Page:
True aim of Roman Catholic ecumenism

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Ecumenism today can be seen in social/political change in the name of the ‘greater good’. Or in doctrinal statements drafted and signed by different “Christian” sects.

When dealing with such issues many Protestants speak up when it seems the Gospel is at stake. Other Protestants don’t always take to kindly to this. It seems no big deal to them to partner with others such as Roman Catholics.

Some Protestants have even endorsed books by Roman Catholics. Revert to Rome, Frank Beckwith, had some Protestant endorsements on his book Return to Rome. One of the Catholic endorsers writes that this book is “encouraging for Catholics who aspire to the New Evangelization so often urged by John Paul II.” A big stir was caused recently when Michael Horton endorsed a book by Catholic apologist Scott Hahn. Are these endorsements lending a hand to building up Rome? That remains to be seen.

Is all of this a big deal? Maybe. Why?

The Pope gives us an answer to why this might be a big deal as recently reported.

VATICAN CITY – Pope Benedict XVI defended his decision to invite disaffected Anglicans to join the Catholic Church en masse, saying Friday it was the “ultimate aim” of ecumenism.

Benedict told members of the Vatican’s Congregation for the Doctrine of the Faith that the invitation wasn’t an attack on the church’s reunification efforts with other Christians but was rather designed to help them by bringing about “full and visible communion.”

Ecumenism should be more of a position of “can’t we all just get along working together while we continue disagreeing” rather than one of “can’t we all just get along and work together while I try to convert you.” It is no secret, or it shouldn’t be that Rome does not believe those outside her have the fullness of the Christian faith. This being the case, it only makes sense to want to bring others into their fold.

Let’s stop pretending then.

The Vatican denied that it was poaching for converts in the Anglican pond and said its unprecedented invitation was merely a response to the many Anglican requests to join the Catholic Church.

The Vatican’s invitation “is not in any way contrary to the ecumenical movement but shows, instead, its ultimate aim which consists of reaching full and visible communion of the Lord’s disciples,” Benedict told the members of the congregation, which he headed for a quarter century before becoming pope.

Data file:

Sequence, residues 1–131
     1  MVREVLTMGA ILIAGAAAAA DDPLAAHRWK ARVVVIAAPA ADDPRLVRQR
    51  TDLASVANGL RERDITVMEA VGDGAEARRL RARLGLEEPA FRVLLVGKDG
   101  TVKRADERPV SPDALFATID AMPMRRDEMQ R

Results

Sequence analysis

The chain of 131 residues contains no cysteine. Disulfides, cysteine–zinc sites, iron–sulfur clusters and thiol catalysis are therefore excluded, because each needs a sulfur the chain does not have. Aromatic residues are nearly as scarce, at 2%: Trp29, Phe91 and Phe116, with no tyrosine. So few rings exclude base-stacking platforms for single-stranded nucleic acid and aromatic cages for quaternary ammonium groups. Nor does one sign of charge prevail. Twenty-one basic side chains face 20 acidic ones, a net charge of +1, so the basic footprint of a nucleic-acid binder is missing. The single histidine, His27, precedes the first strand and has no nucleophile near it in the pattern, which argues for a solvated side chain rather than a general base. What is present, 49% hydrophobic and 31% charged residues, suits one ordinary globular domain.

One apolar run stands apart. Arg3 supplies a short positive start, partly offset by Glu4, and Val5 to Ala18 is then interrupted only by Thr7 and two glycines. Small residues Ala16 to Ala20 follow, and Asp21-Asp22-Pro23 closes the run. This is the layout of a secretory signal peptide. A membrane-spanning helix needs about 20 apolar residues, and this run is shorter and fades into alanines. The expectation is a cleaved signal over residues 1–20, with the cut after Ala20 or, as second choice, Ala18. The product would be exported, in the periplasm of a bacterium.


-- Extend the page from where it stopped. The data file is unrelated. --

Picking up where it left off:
So Rome is not looking for converts, yet she is? It’s understandable to reach out and help someone join an organization they want to join. If that were all it is then what’s the big deal? Rome sees the unity Jesus spoke of in John 17 as being fulfilled only if everyone joins them.

Either way it is refreshing to see an admission from the Vatican that the true aim of ecumenism is to bring others to mother Rome. It seems that when Protestants join with Rome in ecumenical efforts to affect social/political change (such as the Manhattan Declaration?) they may be opening themselves up to being evangelistic targets.

Is this always the case? Probably not, but when the head of your church tells you their goal in ecumenism, it’s certainly motivation for others to follow suit. It is easy to see how ecumenical partnerships open the door to this type of evangelism. The Gospel does seems to take a back seat to whatever the issue(s) may be in these partnerships.

Be aware. Remember what Paul wrote to Timothy.

Keep a close watch on yourself and on the teaching. Persist in this, for by so doing you will save both yourself and your hearers. 1 Timothy 4:16 (ESV)

The Reformation might be over, but the Reforming isn’t.

Update

I was asked – What if the true aim of Protestant engagement w/ Rome was [evangelism]? Why do we neglect this option? Don’t they need saving?

I was not neglecting this option, but gleaning the Popes reported position. The purpose is, in a sense, to warn Protestants. The topic is Rome’s position which does not mean others are neglected. It means that different Protestant positions were not the topic at this time.

Of course, Roman Catholics need saving. We all need saving. I would hope any Christians interacting with one another would exhort each other in the Gospel. That they would be aware and discerning in faith and love.

When it comes to ecumenical Protestants it seems that many have no problem with Rome’s Gospel, therefore, it is hard to see if they have the goal of evangelism. This can be seen in Frank Beckwith’s reversion and the number of Protestants that were happy for him. So it is hard to see an evangelistic goal when it is unspoken of and Gospel agreement is implicit in ecumenical forums.

It could still exist though.

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The above article was posted on January 19, 2010 by Mark Lamprecht.
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{ 1 comment… read it below or add one }

1 Jae January 25, 2010 at 10:36 pm

Dialogue in the Name of Christ is fostering christian brotherhood ; poaching for converts in the Anglican pond was never the intention of the Catholic Church – conversion is the movement, a free act of the intellect, mind and heart; it is not under duress or being forced against anyone’s will (like our Anglican brothers).

Peace in Christ.

.

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